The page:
This category includes people of compulsory school attendance age or above who were not enrolled in school and were not high school graduates. These people may be referred to as "high school dropouts." There is no restriction on when they "dropped out" of school; therefore, they may have dropped out before high school and never attended high school.
Since 1999, the American Community Survey question does not have the response category for "Vocational, technical, or business school degree" that the 1996-1998 American Community Surveys question had. Starting in 1999, the American Community Survey question had two categories for some college: "Some college credit, but less than 1 year" and "1 or more years of college, no degree." The 1996-1998 American Community Survey question had one category: "Some college but no degree."
In the 1996-1998 American Community Survey, the educational attainment question was used to estimate level of enrollment. Since 1999, a question regarding grade of enrollment was included.
The 1999-2007 American Community Survey attainment question grouped grade categories below high school into the following three categories: "Nursery school to 4th grade," "5th grade or 6th grade," and "7th grade or 8 grade." The 1996-1998 American Community Survey question allowed a write-in for highest grade completed for grades 1-11 in addition to "Nursery or preschool" and "Kindergarten."
Beginning in 2008, the American Community Survey attainment question was changed to the following categories for levels up to "Grade 12, no diploma": "Nursery school," "Kindergarten," "Grade 1 through grade 11," and "12th grade, no diploma." The survey question allowed a write-in for the highest grade completed for grades 1-11. In addition, the category that was previously "High school graduate (including GED)" was broken into two categories: "Regular high school diploma" and "GED or alternative credential." The term "credit" for the two some college categories was emphasized. The phrase "beyond a bachelor's degree" was added to the professional degree category.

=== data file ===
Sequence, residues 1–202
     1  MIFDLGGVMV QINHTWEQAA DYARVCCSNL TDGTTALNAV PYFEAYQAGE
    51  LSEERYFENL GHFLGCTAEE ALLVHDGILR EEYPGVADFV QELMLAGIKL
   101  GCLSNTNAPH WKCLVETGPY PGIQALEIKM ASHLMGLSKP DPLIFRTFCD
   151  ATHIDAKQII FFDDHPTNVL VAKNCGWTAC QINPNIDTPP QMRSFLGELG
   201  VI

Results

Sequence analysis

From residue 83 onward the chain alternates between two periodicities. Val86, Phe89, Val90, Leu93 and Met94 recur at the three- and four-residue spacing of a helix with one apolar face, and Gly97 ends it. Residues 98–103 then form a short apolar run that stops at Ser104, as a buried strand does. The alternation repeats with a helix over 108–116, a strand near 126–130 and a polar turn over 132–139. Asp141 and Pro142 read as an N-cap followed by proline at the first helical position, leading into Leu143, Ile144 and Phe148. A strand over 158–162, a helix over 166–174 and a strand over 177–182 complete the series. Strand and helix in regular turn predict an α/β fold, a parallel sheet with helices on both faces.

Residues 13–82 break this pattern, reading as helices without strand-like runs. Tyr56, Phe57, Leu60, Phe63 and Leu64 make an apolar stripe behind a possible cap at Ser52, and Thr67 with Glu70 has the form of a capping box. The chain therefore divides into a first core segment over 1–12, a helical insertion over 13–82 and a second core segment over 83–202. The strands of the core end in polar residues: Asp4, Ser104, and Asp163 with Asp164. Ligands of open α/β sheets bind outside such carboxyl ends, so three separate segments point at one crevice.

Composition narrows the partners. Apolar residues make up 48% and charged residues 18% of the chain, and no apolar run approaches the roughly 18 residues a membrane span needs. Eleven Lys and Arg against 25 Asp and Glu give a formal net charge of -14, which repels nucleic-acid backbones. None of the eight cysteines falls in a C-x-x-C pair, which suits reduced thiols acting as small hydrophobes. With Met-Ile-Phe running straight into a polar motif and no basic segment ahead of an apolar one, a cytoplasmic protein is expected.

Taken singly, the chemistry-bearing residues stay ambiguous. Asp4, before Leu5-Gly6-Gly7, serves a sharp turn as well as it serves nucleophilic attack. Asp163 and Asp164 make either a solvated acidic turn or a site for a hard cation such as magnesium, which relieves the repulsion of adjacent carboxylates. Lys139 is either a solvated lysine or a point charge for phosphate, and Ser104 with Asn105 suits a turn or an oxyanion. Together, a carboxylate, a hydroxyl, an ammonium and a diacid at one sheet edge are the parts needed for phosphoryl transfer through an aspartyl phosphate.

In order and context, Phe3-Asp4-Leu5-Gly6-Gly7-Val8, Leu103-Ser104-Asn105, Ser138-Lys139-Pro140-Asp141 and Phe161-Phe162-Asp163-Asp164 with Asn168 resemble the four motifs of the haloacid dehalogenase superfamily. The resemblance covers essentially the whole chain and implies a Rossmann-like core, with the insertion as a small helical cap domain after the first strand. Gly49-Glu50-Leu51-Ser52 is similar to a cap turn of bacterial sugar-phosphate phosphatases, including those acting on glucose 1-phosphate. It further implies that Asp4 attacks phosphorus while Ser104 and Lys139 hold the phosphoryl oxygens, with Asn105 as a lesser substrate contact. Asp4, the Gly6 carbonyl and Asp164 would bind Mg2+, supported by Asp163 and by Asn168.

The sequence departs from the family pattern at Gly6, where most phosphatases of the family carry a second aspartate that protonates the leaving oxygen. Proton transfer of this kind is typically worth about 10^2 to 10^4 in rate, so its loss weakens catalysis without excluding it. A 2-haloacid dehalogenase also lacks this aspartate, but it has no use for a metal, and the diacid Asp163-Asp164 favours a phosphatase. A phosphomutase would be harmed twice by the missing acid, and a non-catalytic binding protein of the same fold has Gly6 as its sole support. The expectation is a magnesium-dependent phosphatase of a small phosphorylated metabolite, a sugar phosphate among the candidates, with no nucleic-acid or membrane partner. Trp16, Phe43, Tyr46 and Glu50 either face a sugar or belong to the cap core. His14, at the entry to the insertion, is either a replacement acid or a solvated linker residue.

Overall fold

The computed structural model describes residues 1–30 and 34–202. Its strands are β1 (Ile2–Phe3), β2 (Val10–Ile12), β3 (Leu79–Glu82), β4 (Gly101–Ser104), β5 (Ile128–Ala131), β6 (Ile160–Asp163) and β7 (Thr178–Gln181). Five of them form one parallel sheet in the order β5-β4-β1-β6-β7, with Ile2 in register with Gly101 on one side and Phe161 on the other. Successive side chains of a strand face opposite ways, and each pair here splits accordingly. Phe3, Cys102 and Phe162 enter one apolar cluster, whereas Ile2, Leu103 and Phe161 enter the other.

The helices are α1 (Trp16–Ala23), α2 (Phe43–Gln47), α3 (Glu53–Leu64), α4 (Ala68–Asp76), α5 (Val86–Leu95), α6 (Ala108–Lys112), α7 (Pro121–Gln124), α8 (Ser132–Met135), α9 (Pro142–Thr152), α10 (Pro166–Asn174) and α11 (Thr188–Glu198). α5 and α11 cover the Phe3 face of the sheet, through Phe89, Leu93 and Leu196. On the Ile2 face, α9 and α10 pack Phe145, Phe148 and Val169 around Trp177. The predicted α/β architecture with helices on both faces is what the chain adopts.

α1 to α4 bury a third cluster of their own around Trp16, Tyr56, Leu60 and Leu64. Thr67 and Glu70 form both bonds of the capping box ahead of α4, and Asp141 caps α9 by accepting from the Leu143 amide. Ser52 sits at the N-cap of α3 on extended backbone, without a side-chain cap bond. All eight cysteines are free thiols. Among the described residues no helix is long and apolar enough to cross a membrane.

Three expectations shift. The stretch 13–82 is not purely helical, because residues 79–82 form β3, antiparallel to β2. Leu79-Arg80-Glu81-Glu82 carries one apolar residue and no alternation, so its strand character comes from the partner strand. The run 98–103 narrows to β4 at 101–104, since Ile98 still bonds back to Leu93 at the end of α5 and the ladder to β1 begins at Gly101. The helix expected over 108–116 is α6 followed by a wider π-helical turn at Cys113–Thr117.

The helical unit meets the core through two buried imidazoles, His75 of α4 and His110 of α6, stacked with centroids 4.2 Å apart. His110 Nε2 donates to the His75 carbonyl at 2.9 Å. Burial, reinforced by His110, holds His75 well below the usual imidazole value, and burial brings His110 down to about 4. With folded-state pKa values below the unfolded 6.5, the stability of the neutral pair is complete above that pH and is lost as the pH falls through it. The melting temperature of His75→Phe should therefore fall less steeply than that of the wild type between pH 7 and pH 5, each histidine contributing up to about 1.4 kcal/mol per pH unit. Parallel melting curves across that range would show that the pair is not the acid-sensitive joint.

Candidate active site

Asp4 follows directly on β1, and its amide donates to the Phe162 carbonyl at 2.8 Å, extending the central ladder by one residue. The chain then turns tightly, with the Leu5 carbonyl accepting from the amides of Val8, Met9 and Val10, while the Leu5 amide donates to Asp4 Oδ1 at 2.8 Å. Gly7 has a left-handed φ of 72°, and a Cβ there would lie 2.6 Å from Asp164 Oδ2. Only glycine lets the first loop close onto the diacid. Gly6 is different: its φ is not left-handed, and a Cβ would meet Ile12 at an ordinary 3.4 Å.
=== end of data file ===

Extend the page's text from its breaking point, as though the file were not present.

Beginning in 2006, the population in group quarters (GQ) is included in the ACS. Some types of GQ populations may have educational attainment distributions that are different from the household population. The inclusion of the GQ population could therefore have a noticeable impact on the educational attainment distribution. This is particularly true for areas with a substantial GQ population.
The Census Bureau tested the changes introduced to the 2008 version of the educational attainment question in the 2006 ACS Content Test. The results of this testing show that the changes may introduce an inconsistency in the data produced for this question as observed from the years 2007 to 2008, see "2006 ACS Content Test Evaluation Report Covering Educational Attainment" on the ACS website (www.census.gov/acs
New questions were added to the 2008 ACS CATI/CAPI instrument. Respondents who received a high school diploma, GED or equivalent were also asked if they had completed any college credit. Therefore, data users may notice a decrease in the number of high school graduates relative to previous years because those people are now being captured in the "Some college credit, but less than 1 year of college credit" or "1 or more years of college credit, no degree" categories. For more information, see the report titled Report P.2.b: "Evaluation Report Covering Educational Attainment" on the ACS website (www.census.gov/acs
Data about educational attainment are also collected from the decennial Census and from the Current Population Survey (CPS). ACS data is generally comparable to data from the Census. For more information about the comparability of ACS and CPS data, please see the link for the Fact Sheet and the Comparison Report from the CPS Educational Attainment page.